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More Than Just Heartburn?

Kentucky has esophageal cancer rates among the highest in the nation. Each year, more than 13,000 Americans are diagnosed with esophageal cancer, and more than 12,000 die from it, according to the American Cancer Society.

Acid reflux disease is a known risk factor for esophageal cancer, and recent research has shown that an important step in the progression to cancer is a condition called Barrett’s esophagus. Little is known about Barrett’s esophagus, except that it seems to result from chronic acid reflux disease and sometimes progresses to cancer.

About acid reflux disease
Acid reflux happens when the liquid in the stomach regurgitates into the esophagus. This liquid usually contains acid, which can inflame and damage the esophagus.

Acid reflux is a chronic condition: once it begins, it is likely to stay. Once treatment begins, it will need to continue indefinitely to keep acid reflux to a minimum.

Symptoms of acid reflux include heartburn, regurgitation, and nausea. There are many causes of acid reflux, and each of these affects different people or even the same person at different times. Complications of acid reflux include ulcers, strictures, Barrett’s esophagus, cough and asthma, inflammation of the throat and larynx, inflammation and infection of the lungs, and fluid buildup in the sinuses and middle ears.

People who have had acid reflux for a long time have a higher risk of developing Barrett’s esophagus, a condition that occurs when stomach acid goes into your esophagus and makes changes in its lining, sometimes leading to cancer. The condition is much more common in white men and smokers. Obese people also have a high risk. It is more common in people older than 50 years, with most people diagnosed after 60 years of age.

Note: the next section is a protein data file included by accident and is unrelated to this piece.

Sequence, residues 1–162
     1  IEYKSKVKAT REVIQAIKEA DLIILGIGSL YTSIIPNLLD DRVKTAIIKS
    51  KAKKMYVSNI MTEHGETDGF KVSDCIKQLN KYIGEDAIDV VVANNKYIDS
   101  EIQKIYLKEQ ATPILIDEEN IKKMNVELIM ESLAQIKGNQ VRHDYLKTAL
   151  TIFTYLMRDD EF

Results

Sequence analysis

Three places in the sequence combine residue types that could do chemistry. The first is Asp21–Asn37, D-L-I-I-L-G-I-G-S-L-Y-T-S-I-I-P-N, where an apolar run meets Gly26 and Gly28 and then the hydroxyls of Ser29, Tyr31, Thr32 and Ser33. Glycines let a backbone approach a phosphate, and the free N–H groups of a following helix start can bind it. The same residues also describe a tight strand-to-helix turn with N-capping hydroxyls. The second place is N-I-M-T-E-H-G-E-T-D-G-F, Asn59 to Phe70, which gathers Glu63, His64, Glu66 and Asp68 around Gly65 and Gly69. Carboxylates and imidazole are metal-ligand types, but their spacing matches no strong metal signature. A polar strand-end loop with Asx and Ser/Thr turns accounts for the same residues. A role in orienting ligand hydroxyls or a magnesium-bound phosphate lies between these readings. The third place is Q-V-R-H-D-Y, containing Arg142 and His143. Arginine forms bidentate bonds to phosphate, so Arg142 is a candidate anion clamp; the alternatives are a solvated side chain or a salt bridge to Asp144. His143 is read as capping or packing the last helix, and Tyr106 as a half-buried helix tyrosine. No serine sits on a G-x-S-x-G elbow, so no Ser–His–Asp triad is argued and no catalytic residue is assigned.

You should see your doctor if you have heartburn three or more times a week, or if you have had heartburn for many years. Doctors can usually treat acid reflux with medicines that cut down the amount of acid in your stomach.

Treatment for esophageal cancer is also expanding, including a new minimally invasive photosensitizing laser technique that is available at UK’s Markey Cancer Center.

Research at UK
University of Kentucky Markey Cancer Center researchers have begun an important new study in Kentucky’s Fifth Congressional District to explore the link between acid reflux disease and esophageal cancer. This area was chosen because three counties in the district—Pulaski, Laurel, and Whitley—have esophageal cancer rates among the highest in the nation.

“This important effort combines both a public health initiative to fight one of Kentucky’s most deadly cancers and a research project to expand our knowledge about the causes of esophageal cancer,” says Dr. Nicholas Nickl, the study’s principal investigator and professor of medicine at the UK College of Medicine.

If you have questions or would like to participate in the research study and live in one of these counties, please call (877) 267-0626 or go to www.mc.uky.edu/markey/martydrieslercancerproject/.

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